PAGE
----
* Bank tax needed, austerity not option-Economy Ministry
* Forint falls 2.7 pct, bonds ease after IMF/EU talks end
(Adds detail, markets)
BUDAPEST, July 19 (Reuters) - Hungary’s government insisted on a new financial sector tax this year and ruled out further austerity measures at talks with international lenders that were suspended at the weekend, the economy minister said on Monday.
The forint plunged about 2.7 percent in early trading on Monday to 289.70 versus the euro EURHUF=D2 after a review of Hungary's funding agreement signed in Oct. 2008 fell through on Saturday when lenders said the new centre-right government needed to take tougher measures to rein in the budget deficit. [ID:nLDE66G0AP]
Government bond yields jumped 20-25 basis points after the open in illiquid trade.
Talks with the International Monetary Fund (IMF) and the EU ended prematurely on Saturday without concluding the country’s programme review.
This means Hungary will not have access to remaining funds of about 5.5 billion euros ($7.1 billion) in its 20 billion euro financing deal until the review is completed.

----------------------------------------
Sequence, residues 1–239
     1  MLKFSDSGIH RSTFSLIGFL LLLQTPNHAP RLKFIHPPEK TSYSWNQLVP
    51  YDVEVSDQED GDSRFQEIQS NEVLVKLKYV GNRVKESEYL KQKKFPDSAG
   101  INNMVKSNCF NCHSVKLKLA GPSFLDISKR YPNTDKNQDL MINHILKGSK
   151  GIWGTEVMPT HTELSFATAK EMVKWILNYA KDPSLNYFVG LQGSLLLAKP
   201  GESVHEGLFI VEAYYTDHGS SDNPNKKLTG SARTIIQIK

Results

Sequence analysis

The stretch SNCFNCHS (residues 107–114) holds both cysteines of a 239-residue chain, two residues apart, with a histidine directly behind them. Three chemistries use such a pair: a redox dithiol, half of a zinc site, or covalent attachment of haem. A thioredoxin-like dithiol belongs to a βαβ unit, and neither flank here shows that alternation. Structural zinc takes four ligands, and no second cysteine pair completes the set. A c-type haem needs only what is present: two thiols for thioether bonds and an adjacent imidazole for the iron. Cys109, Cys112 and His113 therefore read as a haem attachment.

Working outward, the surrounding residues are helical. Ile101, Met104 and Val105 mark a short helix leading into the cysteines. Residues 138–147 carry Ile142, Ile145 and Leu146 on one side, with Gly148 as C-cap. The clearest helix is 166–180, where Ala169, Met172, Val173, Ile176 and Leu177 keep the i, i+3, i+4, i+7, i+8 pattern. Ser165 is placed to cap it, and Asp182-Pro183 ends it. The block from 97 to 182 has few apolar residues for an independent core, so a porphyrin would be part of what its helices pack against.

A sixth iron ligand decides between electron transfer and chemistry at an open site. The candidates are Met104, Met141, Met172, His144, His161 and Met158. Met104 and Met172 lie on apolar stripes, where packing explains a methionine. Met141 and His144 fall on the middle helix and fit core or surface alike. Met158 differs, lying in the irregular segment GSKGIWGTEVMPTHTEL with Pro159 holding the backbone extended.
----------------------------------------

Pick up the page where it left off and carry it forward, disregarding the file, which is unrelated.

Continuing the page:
Even though the country is not under immediate financing pressure, it has been using the IMF/EU loan as a safety net this year so the lack of agreement risks damaging investor confidence. [ID:nLDE66I08V]
Economy Minister Gyorgy Matolcsy told public television m1 on Monday that the IMF and EU have voiced concerns over a 200 billion forint tax planned by the government to contain the budget deficit and a bill which would cut the central bank governor’s salary.
“Hungary has experienced a programme of austerity over the past five years, we inherited this from the previous governments and we would like to do away with the unfortunate consequences of these steps,” Matolcsy said.
“We have told our partners that further austerity packages were out of the question.” The IMF said in a statement on Saturday that Hungary will need to take additional measures to meet its deficit targets this year and in 2011, set out in its current financing deal and in line with the country’s obligations with the European Union.
In a separate statement, the European Commission said the reducing Hungary’s deficit by next year “will require tough decisions, notably on spending.”
Hungary’s new government has pledged to meet this year’s budget deficit target of 3.8 percent of GDP, which Matolcsy reaffirmed on television on Monday, but he said this should be done primarily with the help of the planned tax on banks.
“We will impose the bank tax, we know this is a significant extra burden but we also know that with this we can achieve the 3.8 percent deficit,” he said.
“It is either bank tax or austerity, these are the two ways of thought.”
For highlights of Matolcsy’s comments click [ID:nLDE66I07T]
Reporting by Gergely Szakacs and Krisztina Than; Editing by Ruth Pitchford
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